Plain or all-purpose flour is a bit weaker, less stretchy and will not rise as much as very strong flour – it makes bread with a softer texture. Cake and pastry flour is weaker again, even less stretchy, and does not make great bread although it does make great cake and pastry (funny that). Rye flour does not have stretchy gluten and cannot really be shaped at all. Gluten-free flours need to be handled much like cake mixture. Even spelt, emmer, kamut and einkorn – wheat’s older cousins – will behave differently from wheat. You can substitute them for wheat in any recipe but be prepared to adjust. Wholemeal/whole-wheat flour (flour made from the whole grain) performs a little differently from white flour. The bran and germ run interference in the dough, making it less stretchy and heavier. Different types of flour make different kinds of dough and different styles of bread. Even if you stick to one kind of flour, you have to remember that from season to season and field to field, grain differs, and from bag to bag, flour differs. Every time you change the brand or the bag of flour that you use, you will notice a difference. Further, countries categorize flour in different ways. This is one of the reasons it is difficult to replicate bread from place to place. Shopping for flour can be confusing, and good-quality flour is not always easy to find. Healthfood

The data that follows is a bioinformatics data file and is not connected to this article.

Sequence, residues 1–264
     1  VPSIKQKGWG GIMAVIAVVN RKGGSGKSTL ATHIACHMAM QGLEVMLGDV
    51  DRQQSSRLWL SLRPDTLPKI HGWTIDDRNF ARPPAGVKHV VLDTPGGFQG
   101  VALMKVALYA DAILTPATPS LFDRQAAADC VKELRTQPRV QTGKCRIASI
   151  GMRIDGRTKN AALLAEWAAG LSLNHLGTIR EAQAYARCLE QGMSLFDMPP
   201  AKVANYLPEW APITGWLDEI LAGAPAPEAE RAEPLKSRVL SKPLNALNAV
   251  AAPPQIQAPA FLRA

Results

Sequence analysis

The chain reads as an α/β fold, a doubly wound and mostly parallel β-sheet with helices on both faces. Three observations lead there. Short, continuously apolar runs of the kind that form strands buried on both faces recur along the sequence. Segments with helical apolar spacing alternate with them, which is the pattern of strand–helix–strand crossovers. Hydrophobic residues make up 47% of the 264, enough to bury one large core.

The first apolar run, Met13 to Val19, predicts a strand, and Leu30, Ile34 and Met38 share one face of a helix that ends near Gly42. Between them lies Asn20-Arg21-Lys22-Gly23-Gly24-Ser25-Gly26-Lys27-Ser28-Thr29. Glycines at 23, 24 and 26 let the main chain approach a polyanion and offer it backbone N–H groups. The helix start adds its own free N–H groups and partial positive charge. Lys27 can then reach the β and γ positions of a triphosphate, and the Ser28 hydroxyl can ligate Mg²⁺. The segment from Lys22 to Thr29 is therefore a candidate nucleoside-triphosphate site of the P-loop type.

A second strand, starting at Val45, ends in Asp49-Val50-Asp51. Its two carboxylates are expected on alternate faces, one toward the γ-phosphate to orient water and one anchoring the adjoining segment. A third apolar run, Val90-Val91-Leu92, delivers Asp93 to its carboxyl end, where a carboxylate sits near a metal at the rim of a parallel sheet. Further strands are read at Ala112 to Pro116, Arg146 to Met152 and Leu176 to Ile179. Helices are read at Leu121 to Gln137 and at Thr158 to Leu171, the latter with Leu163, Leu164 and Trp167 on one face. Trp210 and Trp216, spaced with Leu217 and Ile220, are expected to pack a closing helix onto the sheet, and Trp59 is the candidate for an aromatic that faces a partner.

stores are often the best places to get flour and the owner
can usually advise you.
Thankfully, flour is relatively cheap, so disasters are not
expensive. Besides, everything is good toasted. Even if it’s
Stone mills process grain more gently than most industrial
mills. The result is a better product from both a
performance and a nutritional perspective.
Further, because mill stones (see photo, below) are
‘dressed’ by the miller by hand, every mill stone and, thus,
all stone-milled flour is unique to the miller. There is
individuality and humanity in stone-milled flour and
although it is dearer, I am certain you will decide it is
If you would like to know more about flour, the Real Bread
Campaign in the UK is an excellent resource.